Meager supportive services. In the absence of objective information, it is widely accepted that the overwhelming majority of public housing does not provide many of the services-personal care, transportation, case management, social outreach, and most crucially, onsite health services-that frail and at-risk seniors may need to maintain their independence and a high quality of life. There are fewer than 5,000 units of HUD-funded congregate housing in the national public housing inventory. Service coordination has been a very successful strategy where it has been implemented, but the extremely limited HUD funding available under the this program reaches fewer than a hundred PHAs annually. Only a handful of PHAs have been able to gain access to Medicaid waiver funds for assisted living or other needed supportive services.
Most PHAs, largely bereft of funding, facilities, and expertise, have had to rely on local nonprofit eldercare networks or on the tireless and creative ad hoc efforts of individual public housing property managers and staff to create supportive living environments and connect their poor and often isolated tenants with needed sources of assistance. And in a growing number of communities there are emerging stories of housing authorities forming partnerships with both nonprofit and for-profit organizations to assemble enriched housing opportunities for seniors under the broad rubric of "assisted living." In addition, a few public housing authorities are starting to use the resources and flexibility provided by the HOPE VI program and other emerging mixed-finance tools to undertake comprehensive revitalization and development efforts to provide competitive residential assisted living for older public housing residents, sometimes in a mixed-income setting.
Currently, researchers and policymakers have no way of gauging the extent of these experiments or the diverse needs of the hundreds of thousands of older Americans living in public housing. So this winter, the Housing Research Foundation will conduct the first nationwide survey since 1987 intended to examine the public housing system's stock, elderly resident characteristics, service needs and strategies.
As the national population of seniors continues to grow, the number of seniors in need of affordable housing and care is rising dramatically. In the next ten years, the baby boomers will begin to turn 65. The size of the elderly population is expected to double by 2030. The number of seniors who are 85 and older - whose wealth and health are often the most precarious - will also more than double. Given these statistics, it is imperative that those involved in the delivery of public housing prepare NOW to meet the needs of an increasingly old and frail population.
We make the following recommendations:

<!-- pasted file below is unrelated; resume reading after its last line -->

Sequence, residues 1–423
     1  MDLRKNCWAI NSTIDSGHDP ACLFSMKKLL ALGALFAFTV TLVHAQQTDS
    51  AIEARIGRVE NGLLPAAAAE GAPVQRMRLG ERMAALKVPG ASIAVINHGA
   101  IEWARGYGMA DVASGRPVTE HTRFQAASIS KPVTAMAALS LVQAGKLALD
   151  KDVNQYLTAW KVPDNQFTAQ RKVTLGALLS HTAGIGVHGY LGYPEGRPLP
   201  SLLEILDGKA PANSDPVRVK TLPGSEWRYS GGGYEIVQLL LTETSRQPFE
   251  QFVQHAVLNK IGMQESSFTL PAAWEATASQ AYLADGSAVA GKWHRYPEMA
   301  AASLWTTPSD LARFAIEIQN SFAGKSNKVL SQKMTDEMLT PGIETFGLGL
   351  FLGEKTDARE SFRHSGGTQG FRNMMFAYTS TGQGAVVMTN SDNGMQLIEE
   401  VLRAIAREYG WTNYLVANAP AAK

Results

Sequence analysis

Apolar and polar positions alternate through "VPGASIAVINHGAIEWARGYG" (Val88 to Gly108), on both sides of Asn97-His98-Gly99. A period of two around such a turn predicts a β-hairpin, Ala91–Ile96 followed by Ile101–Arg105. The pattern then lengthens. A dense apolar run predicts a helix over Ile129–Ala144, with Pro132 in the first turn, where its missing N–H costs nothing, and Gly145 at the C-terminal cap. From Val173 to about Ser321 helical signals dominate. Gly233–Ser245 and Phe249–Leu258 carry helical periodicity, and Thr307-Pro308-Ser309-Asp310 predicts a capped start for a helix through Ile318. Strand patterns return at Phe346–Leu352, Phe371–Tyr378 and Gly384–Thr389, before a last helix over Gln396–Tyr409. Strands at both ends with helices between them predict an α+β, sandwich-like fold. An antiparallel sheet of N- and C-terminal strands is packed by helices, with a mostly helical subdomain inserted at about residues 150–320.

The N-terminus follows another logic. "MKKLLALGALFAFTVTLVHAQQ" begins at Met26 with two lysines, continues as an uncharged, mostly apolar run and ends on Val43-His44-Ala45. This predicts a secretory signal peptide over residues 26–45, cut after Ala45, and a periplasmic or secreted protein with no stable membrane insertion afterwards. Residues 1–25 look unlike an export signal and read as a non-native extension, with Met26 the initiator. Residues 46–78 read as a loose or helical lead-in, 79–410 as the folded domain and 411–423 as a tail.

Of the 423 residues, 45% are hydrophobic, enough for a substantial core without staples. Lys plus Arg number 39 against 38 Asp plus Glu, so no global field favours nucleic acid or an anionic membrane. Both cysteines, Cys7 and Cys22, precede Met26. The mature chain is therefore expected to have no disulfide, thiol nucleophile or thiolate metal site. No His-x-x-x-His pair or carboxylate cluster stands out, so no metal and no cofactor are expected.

- HUD should release additional detailed and specific demographic information regarding those who populate public housing for the elderly and the conditions of the buildings in which they live. The Department should join with the industry in developing a credible and comprehensive description of the elderly, their needs, the true condition of the housing stock and the cost of bringing it up to standards that promote healthy and independent living.
- The Housing Research Foundation should convene the major industry groups, i.e., NAHRO, CLPHA and PHADA, advocates for seniors, and other key players to form a "Seniors in Public Housing Task Force." The purpose of the task force would be develop and examine the data, promote and foster an advocacy role for public housing seniors, discover alternative models for providing housing and services to seniors in public housing, and develop policy recommendations for HUD and the Congress that address both present and future needs.
- Congress should fund, and HUD should implement, demonstration projects for congregate housing programs that provide the necessary physical and support services by which seniors will be able to continue to live independently. Funds should be used to renovate existing living facilities to make them accessible, provide facilities for support services - including health facilities - appoint service coordinators to oversee the provision of services and to fund assisted living and health services.
Public housing today provides decent affordable housing to an increasingly frail, often quiet, population. To help maintain the independence of the seniors it serves, it must be given the resources to provide various types of housing and service configurations for a growing population. It can succeed in this endeavor if it is fully integrated into the larger seniors housing debate, gives seniors in public housing a voice, has a credible and accurate information base from which to make policy recommendations, and is adequately funded to provide cost effective answers to a growing challenge. Thank you for hearing my testimony today.